Wednesday, April 10, 2013

To Roast A Chicken

I realize that the number of recipes for chicken out on the Internet are limitless, sometimes viewed as over done if not redundant. This does not render them useless providing they are accurate and offer some new and useful information.

For example this blog has come to include some very basic recipes and methods out of my desire to reveal the fundamentals of some obvious recipes; some which are still difficult to consistently master, some not so common but basic and recently popular (fermenting is coming up) and some, like this one (roasting a chicken) which while common can be used as a platform for discussing some very useful and important topics and current global issues. That's right! Roasting a chicken can be as intriguing as delicious.
A juicy chicken trussed and roasted.
I used the optinal 2 teaspoons of one of my favorite spice blends mixed into
the olive oil and butter mixture used for basting:
Tango Mango Hot Habanero Spice made by Kitschy Chic

1, 5-6 pound chicken, previously brined
3 Tablespoons olive oil
3 Tablespoons unsalted butter, melted
(optional) 2 teaspoons of your favorite spice blend which has little to no added salt.
1 lemon, cut in half
4 garlic cloves, crushed
5 sprigs of fresh thyme
5 sprigs of fresh marjoram

3 lbs. fingerling potatoes, washed (alternately use baby Yukon, red and or purple varieties)
4 large carrots, trimmed, peeled and cut into 2-3 inch pieces
4 large shallots, trimmed, peeled and cut in half
4 sprigs fresh thyme
2 Tablespoons olive oil
Kosher or Sea Salt
Freshly ground black pepper


Preheat the oven to 425 degrees F.
Approximate cooking time 60 minutes.

  • Liberally pepper inside the cavity of your chicken. Then stuff in your sprigs of fresh thyme and marjoram, the garlic and lemon 1/2's.
  • Truss or tie the legs of your chicken together with butcher's twine and tuck the wing tips under the body. 
Note: Be sure to check out my post on a trick I learned for "trussing" when you don't have any twine- To Truss A Bird Without Twine- which is the method I used for the pictures in this recipe.
  • Brush your chicken all over with the olive oil and butter mixture (if using the optional 2 teaspoons of spice blend add this to the olive oil and butter mixture and mix well. Then brush your chicken).

  • Now place your chicken breast side up into your roasting pan with a roasting rack. If you do not have a roasting rack you can simply place the chicken (breast side up) straight into your oven pan. Alternately you may prefer to use a cast iron skillet, casserole dish or other oven proof vessel.
  • Put your chicken in the oven on a centered rack. Set your timer for 30 minutes.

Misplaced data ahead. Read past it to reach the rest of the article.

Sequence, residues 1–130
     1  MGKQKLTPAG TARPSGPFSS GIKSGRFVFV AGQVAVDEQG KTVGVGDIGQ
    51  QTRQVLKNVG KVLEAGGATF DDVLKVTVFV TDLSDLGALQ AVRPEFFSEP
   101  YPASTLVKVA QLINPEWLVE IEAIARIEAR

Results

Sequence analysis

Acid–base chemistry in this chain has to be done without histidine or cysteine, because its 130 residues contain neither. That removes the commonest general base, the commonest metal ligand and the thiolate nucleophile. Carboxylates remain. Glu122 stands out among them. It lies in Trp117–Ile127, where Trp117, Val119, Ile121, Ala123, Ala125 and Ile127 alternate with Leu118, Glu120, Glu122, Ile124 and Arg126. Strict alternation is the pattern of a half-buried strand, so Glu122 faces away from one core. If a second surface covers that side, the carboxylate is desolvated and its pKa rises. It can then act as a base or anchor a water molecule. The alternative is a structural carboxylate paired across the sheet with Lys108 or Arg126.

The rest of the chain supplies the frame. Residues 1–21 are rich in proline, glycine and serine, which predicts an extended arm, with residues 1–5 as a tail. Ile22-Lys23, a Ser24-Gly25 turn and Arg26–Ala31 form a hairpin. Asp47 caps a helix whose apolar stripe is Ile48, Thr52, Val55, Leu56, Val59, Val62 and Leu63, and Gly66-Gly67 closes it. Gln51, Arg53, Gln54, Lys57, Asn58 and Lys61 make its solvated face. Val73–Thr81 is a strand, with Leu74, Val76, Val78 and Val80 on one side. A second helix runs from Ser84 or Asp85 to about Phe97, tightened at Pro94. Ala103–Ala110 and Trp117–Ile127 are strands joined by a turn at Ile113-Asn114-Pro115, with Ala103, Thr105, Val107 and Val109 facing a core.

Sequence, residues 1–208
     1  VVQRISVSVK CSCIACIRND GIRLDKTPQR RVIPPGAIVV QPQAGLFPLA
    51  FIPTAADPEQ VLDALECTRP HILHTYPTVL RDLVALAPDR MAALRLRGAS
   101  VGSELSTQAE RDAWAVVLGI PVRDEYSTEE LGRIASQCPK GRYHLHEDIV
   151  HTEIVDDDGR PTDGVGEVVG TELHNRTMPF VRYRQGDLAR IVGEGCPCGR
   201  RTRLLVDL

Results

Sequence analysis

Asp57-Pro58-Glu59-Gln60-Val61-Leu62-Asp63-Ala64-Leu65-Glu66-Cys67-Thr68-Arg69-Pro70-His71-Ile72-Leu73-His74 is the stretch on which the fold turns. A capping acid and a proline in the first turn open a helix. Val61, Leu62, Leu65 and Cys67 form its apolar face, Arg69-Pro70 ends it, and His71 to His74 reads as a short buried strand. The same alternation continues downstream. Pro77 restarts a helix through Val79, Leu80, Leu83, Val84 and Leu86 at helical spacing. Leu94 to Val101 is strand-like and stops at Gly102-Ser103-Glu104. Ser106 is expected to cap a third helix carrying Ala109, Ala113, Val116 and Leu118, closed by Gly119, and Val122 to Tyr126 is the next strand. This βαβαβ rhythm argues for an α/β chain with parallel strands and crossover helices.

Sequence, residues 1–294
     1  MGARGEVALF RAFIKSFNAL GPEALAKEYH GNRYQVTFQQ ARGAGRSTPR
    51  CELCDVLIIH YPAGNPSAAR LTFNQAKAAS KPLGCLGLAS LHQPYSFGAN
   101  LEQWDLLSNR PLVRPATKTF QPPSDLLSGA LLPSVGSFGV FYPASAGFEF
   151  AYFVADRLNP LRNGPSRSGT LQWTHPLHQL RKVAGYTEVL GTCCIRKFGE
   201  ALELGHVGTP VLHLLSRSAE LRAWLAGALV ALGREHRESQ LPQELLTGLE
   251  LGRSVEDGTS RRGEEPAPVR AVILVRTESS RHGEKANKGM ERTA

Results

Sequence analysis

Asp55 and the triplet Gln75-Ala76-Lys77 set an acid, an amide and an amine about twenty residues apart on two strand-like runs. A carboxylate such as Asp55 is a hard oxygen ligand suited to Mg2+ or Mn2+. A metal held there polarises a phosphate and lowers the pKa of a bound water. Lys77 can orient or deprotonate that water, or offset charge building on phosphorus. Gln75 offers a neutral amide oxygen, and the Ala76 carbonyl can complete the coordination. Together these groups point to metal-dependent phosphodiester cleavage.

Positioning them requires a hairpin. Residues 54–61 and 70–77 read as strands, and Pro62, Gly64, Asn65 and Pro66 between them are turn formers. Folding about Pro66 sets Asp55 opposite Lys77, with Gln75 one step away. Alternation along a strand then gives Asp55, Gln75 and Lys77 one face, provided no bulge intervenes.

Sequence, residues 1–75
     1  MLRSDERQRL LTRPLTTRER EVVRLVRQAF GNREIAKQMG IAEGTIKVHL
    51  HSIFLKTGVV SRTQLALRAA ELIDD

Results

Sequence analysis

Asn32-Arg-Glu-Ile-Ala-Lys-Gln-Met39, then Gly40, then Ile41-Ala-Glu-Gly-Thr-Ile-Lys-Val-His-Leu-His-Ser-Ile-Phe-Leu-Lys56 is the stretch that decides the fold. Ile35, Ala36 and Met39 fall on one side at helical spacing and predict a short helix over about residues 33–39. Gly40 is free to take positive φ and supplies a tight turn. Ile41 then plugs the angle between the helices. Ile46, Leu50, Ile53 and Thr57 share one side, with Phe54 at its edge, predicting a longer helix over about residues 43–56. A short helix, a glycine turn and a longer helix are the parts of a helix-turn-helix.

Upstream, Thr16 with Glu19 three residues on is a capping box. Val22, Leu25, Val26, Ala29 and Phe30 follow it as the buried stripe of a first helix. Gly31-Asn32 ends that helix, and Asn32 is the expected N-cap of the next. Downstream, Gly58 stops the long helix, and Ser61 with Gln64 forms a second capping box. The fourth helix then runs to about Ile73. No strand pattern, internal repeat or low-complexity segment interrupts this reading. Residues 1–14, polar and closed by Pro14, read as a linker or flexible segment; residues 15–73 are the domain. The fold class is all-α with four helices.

• If you are going to be adding the Optional Vegetables (listed above): Place the vegetables and sprigs of fresh thyme in a large bowl. Drizzle with the olive oil and season then toss them to coat evenly. Have the bowl handy by your stove for adding to the roasting pan in a later step.
  • After 30  minutes remove your chicken from the oven and brush the chicken with the olive oil and butter mixture.

  • Toss your vegetables into the pan nestling them in a single layer around the chicken. Return the chicken to the oven and set your timer for 20 minutes.
  • After 20 minutes more remove the chicken and check the temperature. Insert the thermometer diagonally into one of the breasts starting at the tip or leg end aiming into the neck end. Next insert your thermometer into the thigh piercing at the knee joint aiming towards the hip. We want to remove our chicken at 160 degrees Fahrenheit allowing the residual heat to finish cooking the bird as it rests. If your chicken is not ready (which it most likely is not) return your chicken to the oven and continue to roast it using this equation: 1 2/ minutes for every degree needed to raise the internal temp to 160 degrees Fahrenheit (this equation is not fool proof or proven to be perfect! It is just a rough estimte whic has worked for me. As you are nearing the desired temperature of your bird it is best to keep an eye on your roast and check it frequently with a thermometer).
Note: In this recipe and method I am using a chicken which was subjected to a brine. The cooking time will be much shorter for a brined bird than one which was not. If you are not following this recipe with a brined bird your cooking time could need an additional 15-20 minutes of cooking (this recipe estimates 55-60 minutes cooking for a brined bird).

  • After additional roasting (if needed) pull your bird out of the oven and check the internal temperature once again. Once you have reach an internal temperature of 160 degrees Fahrenheit allow your chicken to rest for 15 minutes while it finishes cooking. Turn off your oven.

  • During the resting period you can remove you vegetables from the roasting pan or skillet and keep them warm in you oven. Just be sure to put them in an oven safe dish and be careful using oven mitts or a dry dish towel when removing them for your feast.